The quaint appearance of the Dachshund with his long, low-slung body and short legs suggests to many that he is just another ornamental member of the canine race.
He is an extremely good little hunting dog and will hunt with the best of the terriers. He is of German origin and was bred originally for hunting and drawing badger in that country and is rightly included in the sporting group of dogs.
Badgers are vicious creatures, weighing considerably more than the average terrier or Dachshund, and a dog must be really courageous to go into a burrow and drag a badger from its underground home.
The Dachshund was known as the “German Sausage Dog” and his appearance on the street created much ribald comment and laughter. Now the breed is becoming much more widely known and his old nickname is dying out as the virtues of the breed are more widely appreciated.
The Dachshund is very easy to train and has many uses. He has an excellent nose and will find the most cleverly concealed rabbit hiding place or rats’ nest.
Unfortunately, the short legs of the Dachshund give the rabbit a decided advantage in the open, and he will often fail to catch the speedy bunny. But let him get close enough to a rabbit and he will prove that he can kill with the best of them.
Most Dachshunds are kept as pets in the US and they make really grand companions. Affectionate by nature, they become knowing and being possessed of very short smooth coats are accepted as house dogs more readily than the longer coated breeds.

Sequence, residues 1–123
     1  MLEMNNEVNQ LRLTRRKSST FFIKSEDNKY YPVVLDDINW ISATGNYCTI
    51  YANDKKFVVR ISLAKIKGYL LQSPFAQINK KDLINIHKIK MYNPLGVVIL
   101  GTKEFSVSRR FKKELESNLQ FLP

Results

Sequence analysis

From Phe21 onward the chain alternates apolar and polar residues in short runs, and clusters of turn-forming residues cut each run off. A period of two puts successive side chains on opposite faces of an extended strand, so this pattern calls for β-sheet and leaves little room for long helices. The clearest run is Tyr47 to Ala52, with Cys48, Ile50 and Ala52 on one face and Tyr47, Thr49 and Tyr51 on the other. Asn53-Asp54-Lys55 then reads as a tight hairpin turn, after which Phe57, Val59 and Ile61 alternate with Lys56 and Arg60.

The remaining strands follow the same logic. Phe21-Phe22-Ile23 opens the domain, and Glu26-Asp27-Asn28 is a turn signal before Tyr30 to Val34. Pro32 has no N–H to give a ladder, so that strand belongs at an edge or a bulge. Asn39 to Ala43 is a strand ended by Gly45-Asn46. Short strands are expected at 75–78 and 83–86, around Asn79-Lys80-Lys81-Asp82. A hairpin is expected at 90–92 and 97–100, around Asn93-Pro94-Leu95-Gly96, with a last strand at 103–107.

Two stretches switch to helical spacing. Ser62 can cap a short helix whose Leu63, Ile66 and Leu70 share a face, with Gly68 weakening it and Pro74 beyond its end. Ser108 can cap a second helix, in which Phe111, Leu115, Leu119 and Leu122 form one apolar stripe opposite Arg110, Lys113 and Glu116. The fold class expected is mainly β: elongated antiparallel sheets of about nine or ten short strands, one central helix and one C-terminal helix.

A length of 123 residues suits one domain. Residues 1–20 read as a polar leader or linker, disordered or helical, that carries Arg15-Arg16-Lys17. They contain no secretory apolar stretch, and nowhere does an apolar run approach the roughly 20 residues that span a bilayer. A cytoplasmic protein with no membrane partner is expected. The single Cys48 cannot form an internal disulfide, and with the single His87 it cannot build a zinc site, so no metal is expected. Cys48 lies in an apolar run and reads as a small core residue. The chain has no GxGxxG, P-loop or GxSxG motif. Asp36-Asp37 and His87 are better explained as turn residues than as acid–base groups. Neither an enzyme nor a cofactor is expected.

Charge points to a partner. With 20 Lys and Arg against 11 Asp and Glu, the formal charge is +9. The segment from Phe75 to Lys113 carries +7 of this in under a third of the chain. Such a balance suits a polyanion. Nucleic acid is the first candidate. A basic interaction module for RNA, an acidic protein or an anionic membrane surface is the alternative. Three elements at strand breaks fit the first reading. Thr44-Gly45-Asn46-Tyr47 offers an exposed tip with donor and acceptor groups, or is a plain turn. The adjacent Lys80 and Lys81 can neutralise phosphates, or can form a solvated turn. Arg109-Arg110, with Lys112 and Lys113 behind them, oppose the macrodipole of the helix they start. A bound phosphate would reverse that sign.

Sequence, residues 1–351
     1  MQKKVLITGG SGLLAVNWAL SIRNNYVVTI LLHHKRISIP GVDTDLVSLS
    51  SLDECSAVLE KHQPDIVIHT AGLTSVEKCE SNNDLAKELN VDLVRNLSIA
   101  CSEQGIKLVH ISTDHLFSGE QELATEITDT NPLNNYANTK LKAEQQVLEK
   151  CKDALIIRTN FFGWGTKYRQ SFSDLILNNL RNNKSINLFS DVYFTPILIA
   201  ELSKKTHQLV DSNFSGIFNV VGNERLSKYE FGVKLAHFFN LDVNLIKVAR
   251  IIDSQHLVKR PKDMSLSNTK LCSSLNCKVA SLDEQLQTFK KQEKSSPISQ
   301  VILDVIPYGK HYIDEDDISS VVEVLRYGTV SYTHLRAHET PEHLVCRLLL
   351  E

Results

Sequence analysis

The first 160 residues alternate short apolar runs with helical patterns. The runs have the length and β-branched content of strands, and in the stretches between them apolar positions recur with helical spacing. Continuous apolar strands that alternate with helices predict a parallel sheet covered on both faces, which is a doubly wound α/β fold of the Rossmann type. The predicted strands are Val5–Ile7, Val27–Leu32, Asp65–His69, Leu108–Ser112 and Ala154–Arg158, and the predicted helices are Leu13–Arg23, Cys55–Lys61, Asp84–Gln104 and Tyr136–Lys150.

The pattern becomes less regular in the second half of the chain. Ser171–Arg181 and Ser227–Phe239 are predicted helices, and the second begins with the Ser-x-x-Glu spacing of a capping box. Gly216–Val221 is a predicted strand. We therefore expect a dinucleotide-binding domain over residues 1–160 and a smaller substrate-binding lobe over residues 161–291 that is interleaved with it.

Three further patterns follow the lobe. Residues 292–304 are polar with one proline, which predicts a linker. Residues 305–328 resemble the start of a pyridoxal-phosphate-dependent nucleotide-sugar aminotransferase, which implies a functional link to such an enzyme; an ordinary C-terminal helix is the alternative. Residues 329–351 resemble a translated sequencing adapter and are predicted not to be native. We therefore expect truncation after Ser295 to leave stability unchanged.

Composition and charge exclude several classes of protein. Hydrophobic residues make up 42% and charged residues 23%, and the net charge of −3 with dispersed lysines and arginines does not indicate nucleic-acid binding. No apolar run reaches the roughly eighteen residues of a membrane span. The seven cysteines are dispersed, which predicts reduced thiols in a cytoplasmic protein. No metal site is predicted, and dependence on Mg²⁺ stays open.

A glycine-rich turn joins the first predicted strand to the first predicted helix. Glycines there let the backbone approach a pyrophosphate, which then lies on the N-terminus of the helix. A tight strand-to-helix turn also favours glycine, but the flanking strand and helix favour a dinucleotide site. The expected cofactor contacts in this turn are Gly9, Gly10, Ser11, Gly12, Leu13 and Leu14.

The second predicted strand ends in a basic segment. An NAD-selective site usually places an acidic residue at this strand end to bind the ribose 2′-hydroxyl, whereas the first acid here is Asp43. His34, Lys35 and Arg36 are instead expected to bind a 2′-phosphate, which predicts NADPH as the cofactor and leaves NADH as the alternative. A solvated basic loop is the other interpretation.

A few minutes of rubbing daily with a rough towel or hound glove will keep the Dachshund in first-class bloom throughout the year.
An outstanding feature of the Dachshund is his extreme length compared with his height. His body is long, muscular, and very flexible, and additional length is gained from his well-angulated forehand.
The breastbone is very prominent and the shoulder blade joins the upper arm well in front of the forelegs, which are well boned and slightly bowed.
The underline or “keel” carries backward in a graceful line and should be very close to the ground. The natural length tail is carried gaily and the head is held in a proud, defiant fashion.
The head is cone-shaped when viewed from above and should not be overdone in the skull or muzzle, but gradually taper from its widest point. Teeth are strong and level and the mouth is free from lippiness.
The eyes are dark, bright, and expressive and the ears fairly large and well rounded. They are set high on the skull and drop forward close to the cheek. The short coat may be either red, black and tan, chocolate or dappled (tan with darker rounded markings).
The average height is about 8 inches and weighs about 22 pounds in the standard variety. Miniature Dachshunds are about the 10 pounds mark and are becoming popular here for those who like a very small house dog.
Other varieties are the Long Haired Dachshunds which have a soft, lustrous coat, with good tail fringes and breechings. These are in two sizes, miniature, and standard.
The latest variety to reach the United States is the Wire Haired Dachshund, which has a coat something similar to that found on wire-haired terriers, together with the characteristic wire haired beard.
All types other than standard smooths are comparatively new to the United States. Although there is a keen demand for them, as he is known to most Americans, is unlikely to be troubled by his more exotic brothers for years to come.